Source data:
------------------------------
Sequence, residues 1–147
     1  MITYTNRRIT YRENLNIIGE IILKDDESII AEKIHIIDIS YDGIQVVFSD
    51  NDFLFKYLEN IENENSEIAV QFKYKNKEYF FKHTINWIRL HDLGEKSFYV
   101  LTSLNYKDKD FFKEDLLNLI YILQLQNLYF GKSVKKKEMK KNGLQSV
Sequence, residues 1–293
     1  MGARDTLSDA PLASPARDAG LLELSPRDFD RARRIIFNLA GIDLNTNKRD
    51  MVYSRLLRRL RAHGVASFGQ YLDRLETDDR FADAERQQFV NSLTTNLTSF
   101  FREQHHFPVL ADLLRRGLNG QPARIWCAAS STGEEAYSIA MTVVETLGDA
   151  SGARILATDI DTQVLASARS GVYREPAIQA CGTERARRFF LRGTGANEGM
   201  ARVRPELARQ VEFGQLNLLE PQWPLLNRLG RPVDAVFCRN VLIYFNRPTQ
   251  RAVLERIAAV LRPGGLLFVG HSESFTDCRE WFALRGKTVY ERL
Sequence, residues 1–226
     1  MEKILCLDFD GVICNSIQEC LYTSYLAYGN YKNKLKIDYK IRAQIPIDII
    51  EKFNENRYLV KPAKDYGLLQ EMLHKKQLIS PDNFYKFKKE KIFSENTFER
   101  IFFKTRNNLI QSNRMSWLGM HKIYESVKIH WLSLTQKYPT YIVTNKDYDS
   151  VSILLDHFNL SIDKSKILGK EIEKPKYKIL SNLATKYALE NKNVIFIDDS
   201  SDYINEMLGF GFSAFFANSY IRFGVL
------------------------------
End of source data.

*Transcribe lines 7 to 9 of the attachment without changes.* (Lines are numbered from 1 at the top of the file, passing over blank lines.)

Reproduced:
    51  MVYSRLLRRL RAHGVASFGQ YLDRLETDDR FADAERQQFV NSLTTNLTSF
   101  FREQHHFPVL ADLLRRGLNG QPARIWCAAS STGEEAYSIA MTVVETLGDA
   151  SGARILATDI DTQVLASARS GVYREPAIQA CGTERARRFF LRGTGANEGM